If you choose to find the diagnostic scanning module, you must go to the heavily irradiated and ghoul infested Vault 34. You can find the vault north-northwest of the NCR's Camp Golf or east of the NCR Sharecropper Farms near New Vegas. It is recommended that you bring a good supply of RadAway and Rad-X. There will be golden geckos on the way in as well as the ghouls inside.
Simply go to the room marked 'Clinic'.
As you walk in take your first right to the stairway that will take you to the 'cafeteria'.
Drop down the hole, exit the room and turn left.
Follow the corridor (and signs for the 'clinic'), until you see the room marked 'Clinic'.
The Auto-doc is on the back wall. Interact with it and the option to take the item will appear (you can turn around the way you came to leave after this if you are only here for the Auto-doc).
Attempting the surgery without the required Medicine 75 or Luck 9 will result in Caesar's death. You must then have either Medicine 50 or Speech 50 to explain to Lucius that Caesar's age was a complication in the procedure, or he will become hostile (unless your reputation with the Legion is "Liked" or higher).
In all versions of the game, the broken Auto-doc is in the clinic in Vault 34, not Security Station A.
You will not be able to offer Arcade Gannon as a slave if you recruited him after you have spoken to Caesar in private.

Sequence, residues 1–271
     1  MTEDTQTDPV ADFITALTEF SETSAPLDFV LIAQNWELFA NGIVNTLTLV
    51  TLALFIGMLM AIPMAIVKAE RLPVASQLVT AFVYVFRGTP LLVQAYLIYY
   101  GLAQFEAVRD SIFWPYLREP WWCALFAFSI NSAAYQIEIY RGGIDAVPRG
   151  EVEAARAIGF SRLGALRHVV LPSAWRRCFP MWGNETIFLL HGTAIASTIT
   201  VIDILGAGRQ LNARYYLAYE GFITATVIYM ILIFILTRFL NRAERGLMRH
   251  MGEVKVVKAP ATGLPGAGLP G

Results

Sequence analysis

If you attempt this quest after losing Arcade by betraying him in For Auld Lang Syne, sometimes you can still get the option to sell him into slavery, although this does not seem to complete the quest. There is also no mention of him in the ending and he does not actually appear in The Fort.
The title of this quest is a play on Julius Caesar's famous last words,"Et tu, Brute?", from Shakespeare's play Julius Caesar which translates to "And you, Brutus?", showing Caesar's dismay in seeing Brutus taking part in his assassination.
The quest is an elaborate allusion to Julius Caesar, who did indeed suffer from an ailment that caused severe headaches and was also a secret from the public. Caesar's headaches were more likely to have been caused by a motor function disorder, causing him to fall regularly ("falling sickness").
If after Arcade is given as a slave the player speaks to him and says "The world needs Caesar more than it needs you" Arcade will respond "Victrix causa diis placuit sed victa Catoni" which can be translated as "the victorious cause pleased the gods, but the conquered cause pleased Cato." This is a quote from the Latin poem Pharsalia by Lucan, in which the historical figure of Caesar is portrayed as the main antagonist, and the main hero, the historical figure of Cato Uticensis, is eventually forced to commit suicide, being unable to defeat Caesar.